Nov 3, 2011

Abstract of CCNA study guide-5 - internetworking 5

Continue the series of  Abstract CCNA study guide book .
Data Encapsulation
To communicate and exchange information, each layer uses Protocol Data Units (PDUs). These hold the control information attached to the data at each layer of the model. They are usually attached to the header in front of the data field but can also be in the trailer.

The Transport layer uses port numbers to define both the virtual circuit and the upper-layer process, as you can see from Figure 1.30.
If you’re using TCP, the virtual circuit is defined by the source port number. Remember, the host just makes this up starting at port number 1024 (0 through 1023 are reserved for well-known port numbers). The destination port number defines the upper-layer process (application) that the data stream is handed to when the data stream is reliably rebuilt on the receiving host.
The Cisco Three-Layer Hierarchical Model
The Cisco hierarchical model can help you design, implement, and maintain a scalable, reliable, cost-effective hierarchical internetwork. Cisco defines three layers of hierarchy, as shown in next Figure , each with specific functions.
The following are the three layers and their typical functions:
- The core layer: backbone
- The distribution layer: routing
- The access layer: switching
Remember, however, that the three layers are logical and are not necessarily physical devices.
when we build physical implementations of hierarchical networks, we may have many devices in a single layer, or we might have a single device performing functions at two layers.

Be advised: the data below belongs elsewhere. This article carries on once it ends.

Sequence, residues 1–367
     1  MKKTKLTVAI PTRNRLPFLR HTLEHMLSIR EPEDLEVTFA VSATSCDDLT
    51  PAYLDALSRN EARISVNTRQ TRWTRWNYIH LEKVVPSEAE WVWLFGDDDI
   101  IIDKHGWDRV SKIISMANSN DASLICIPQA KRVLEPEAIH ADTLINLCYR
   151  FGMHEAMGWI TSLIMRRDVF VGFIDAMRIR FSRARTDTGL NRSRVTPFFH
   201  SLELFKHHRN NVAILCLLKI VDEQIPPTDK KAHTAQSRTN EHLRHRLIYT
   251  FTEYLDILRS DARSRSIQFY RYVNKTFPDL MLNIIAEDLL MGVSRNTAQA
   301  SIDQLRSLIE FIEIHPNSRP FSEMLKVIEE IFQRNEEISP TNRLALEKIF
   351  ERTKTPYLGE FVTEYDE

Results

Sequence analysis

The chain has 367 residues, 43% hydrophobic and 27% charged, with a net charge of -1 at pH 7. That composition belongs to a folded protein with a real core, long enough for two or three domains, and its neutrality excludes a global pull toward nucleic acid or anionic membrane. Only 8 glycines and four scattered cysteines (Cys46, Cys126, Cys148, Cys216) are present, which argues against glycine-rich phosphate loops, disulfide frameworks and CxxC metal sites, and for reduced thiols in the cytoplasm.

Now, let’s take a closer look at each of the layers.
The Core Layer
the core layer is responsible for transporting large amounts of traffic both reliably and quickly.
The only purpose of the network’s core layer is to switch traffic as fast as possible.
There is some things we don’t want to do in core layer:
- Don’t do anything to slow down traffic as access lists, VLANs.
- Don’t support workgroup access here.
- Avoid expanding the core (i.e., adding routers).
Now, there are a few things that we want to do as we design the core:
- high reliability.
- Design with speed in mind.
- Select routing protocols with lower convergence times.
The Distribution Layer
The distribution layer is sometimes referred to as the workgroup layer
The primary functions of the distribution layer are to provide routing, filtering, and WAN access and to determine how packets can access the core.
There are several actions that generally should be done at the distribution layer:
- Routing
- Implementing tools (such as access lists), packet filtering, and queuing
- Implementing security and network policies, including address translation and firewalls
- Redistributing between routing protocols, including static routing
- Routing between VLANs and other workgroup support functions
- Defining broadcast and multicast domains
Things to avoid at the distribution layer are limited to those functions that exclusively belong to one of the other layers.
The Access Layer
The access layer controls user and workgroup access to internetwork resources. The access
layer is sometimes referred to as the desktop layer.
The following are some of the functions to be included at the access layer:
- Continued (from distribution layer) use of access control and policies
- Creation of separate collision domains (segmentation)
- Workgroup connectivity into the distribution layer
Technologies such as DDR and Ethernet switching are frequently seen in the access layer. Static routing (instead of dynamic routing protocols) is seen here as well.

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